I've got a problem at work. We have a Dell powervault 220S with 6 drives in it they are in a RAID 5 array. early this week we had it start giving warnings in the Dell array manager. these warnings became more frequent and i started getting ntfs errors for specific folders. I had the drive replaced and i've rebuilt the array (succesfully) but 1 of the 2 folders that were being detected by the operating system is still showing as corrupted and is denying access to it. I can't even delete the folder.
I have backups but i really don't want to have to rebuilt the entire volume.
the OS (Windows server 2003 R2) wants to run chkdsk. I don't want that as chkdsk isn't raid aware.
I have backups but i really don't want to have to rebuilt the entire volume. the OS (Windows server 2003 R2) wants to run chkdsk. I don't want that as chkdsk isn't raid aware.
Chkdsk checks the file system, it has nothing to do with the physical architecture of the volume. It doesn't matter whether the volume is on a single physical disk or a RAID array, chkdsk doesn't know and doesn't care.
Since you were getting NTFS errors on the volume (probably due to some very minor corruption related to the bad drive in the array), chkdsk will probably be able to fix it.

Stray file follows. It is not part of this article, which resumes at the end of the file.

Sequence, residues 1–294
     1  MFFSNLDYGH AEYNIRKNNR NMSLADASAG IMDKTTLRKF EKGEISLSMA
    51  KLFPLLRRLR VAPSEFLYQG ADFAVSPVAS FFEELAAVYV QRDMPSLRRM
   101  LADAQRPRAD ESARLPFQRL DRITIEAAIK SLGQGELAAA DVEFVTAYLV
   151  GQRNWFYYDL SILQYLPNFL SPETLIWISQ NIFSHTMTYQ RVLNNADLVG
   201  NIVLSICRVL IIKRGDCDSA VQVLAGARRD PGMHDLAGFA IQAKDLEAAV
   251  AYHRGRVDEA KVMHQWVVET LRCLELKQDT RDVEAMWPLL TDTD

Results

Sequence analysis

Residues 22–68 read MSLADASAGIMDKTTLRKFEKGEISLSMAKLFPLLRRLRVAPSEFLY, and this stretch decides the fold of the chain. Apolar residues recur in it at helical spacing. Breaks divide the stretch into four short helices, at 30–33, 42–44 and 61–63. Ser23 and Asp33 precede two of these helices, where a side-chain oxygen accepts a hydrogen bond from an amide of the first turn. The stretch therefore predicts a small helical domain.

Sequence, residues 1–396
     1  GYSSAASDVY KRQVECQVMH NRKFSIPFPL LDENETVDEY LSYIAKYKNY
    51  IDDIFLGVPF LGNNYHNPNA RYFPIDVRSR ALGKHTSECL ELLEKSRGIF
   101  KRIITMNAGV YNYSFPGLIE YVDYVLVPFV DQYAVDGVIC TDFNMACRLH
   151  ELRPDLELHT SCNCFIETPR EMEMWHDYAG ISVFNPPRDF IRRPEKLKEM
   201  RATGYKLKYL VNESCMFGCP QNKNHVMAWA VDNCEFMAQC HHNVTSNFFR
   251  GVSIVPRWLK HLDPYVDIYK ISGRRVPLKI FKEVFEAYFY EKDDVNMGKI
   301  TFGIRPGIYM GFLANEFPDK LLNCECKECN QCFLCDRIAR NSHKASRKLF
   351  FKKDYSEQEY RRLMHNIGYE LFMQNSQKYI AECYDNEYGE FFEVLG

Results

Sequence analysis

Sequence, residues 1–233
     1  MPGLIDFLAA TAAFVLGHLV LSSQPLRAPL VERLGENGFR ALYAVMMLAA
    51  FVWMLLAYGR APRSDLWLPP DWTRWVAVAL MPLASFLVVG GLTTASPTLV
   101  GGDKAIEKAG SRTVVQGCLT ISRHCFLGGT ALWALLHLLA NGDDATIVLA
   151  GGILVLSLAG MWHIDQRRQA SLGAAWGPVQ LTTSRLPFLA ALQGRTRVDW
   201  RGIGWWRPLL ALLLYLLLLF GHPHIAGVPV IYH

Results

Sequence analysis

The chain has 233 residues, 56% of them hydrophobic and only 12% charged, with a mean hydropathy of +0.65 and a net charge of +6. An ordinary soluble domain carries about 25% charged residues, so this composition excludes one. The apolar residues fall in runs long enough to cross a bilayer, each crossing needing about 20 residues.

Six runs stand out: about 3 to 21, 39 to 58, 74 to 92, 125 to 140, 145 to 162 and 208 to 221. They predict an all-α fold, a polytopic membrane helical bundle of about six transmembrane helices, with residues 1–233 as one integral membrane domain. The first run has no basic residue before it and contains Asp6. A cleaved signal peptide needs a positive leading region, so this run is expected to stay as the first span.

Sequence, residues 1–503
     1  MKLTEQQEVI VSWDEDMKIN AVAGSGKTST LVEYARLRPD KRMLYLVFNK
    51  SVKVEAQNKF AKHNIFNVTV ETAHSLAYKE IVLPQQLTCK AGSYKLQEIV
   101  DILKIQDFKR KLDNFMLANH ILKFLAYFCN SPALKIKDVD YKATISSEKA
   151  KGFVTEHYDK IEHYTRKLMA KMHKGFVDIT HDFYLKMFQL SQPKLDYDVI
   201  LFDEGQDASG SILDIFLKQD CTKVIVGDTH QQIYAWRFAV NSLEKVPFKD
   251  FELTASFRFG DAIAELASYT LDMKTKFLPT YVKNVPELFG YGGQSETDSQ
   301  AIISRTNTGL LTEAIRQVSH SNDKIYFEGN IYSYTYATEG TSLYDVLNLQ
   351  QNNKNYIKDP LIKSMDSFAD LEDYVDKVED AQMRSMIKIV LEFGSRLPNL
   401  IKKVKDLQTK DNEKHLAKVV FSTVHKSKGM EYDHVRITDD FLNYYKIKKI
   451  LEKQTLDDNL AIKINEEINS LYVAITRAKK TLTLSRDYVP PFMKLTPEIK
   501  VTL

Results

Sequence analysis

Run "chkdsk x: /v" (where x: is the drive letter of the array). This will run chkdsk in read-only mode with verbose logging, where it won't make any modifications to the disk and will tell you about all errors that it finds in the file system.
If it's just a few errors, it's likely chkdsk can fix them. Run "chkdsk x: /f /v" to fix the errors. Depending on whether chkdsk can get exclusive access to the volume, it may want to actually run it on the next reboot.
If there's a lot of file system corruption, you may want to restore from backup anyway (at least the particular folder that's involved) because there's no guarantee chkdsk can fix everything. It can make the file system free of errors, but that's no promise that the files themselves are intact.
thanks, the folder size is insiginficant. i already made a copy from backups. i had heard that chkdsk could damage a raid 5, as it turns out it seems that it only damages a raid 5 if the array is degraded at the time.
thanks for the response.
edit for spelling
This is fun, it when from only listing a couple of errors to listing Event ID 55 and 26 about 9 times a second continuously. the OS is still saying that the same folder is to blame. any ideas why it would start reporting errors more rapidly all of a sudden?
I'm still receiving no errors from the array manager and there are no smart error being reported.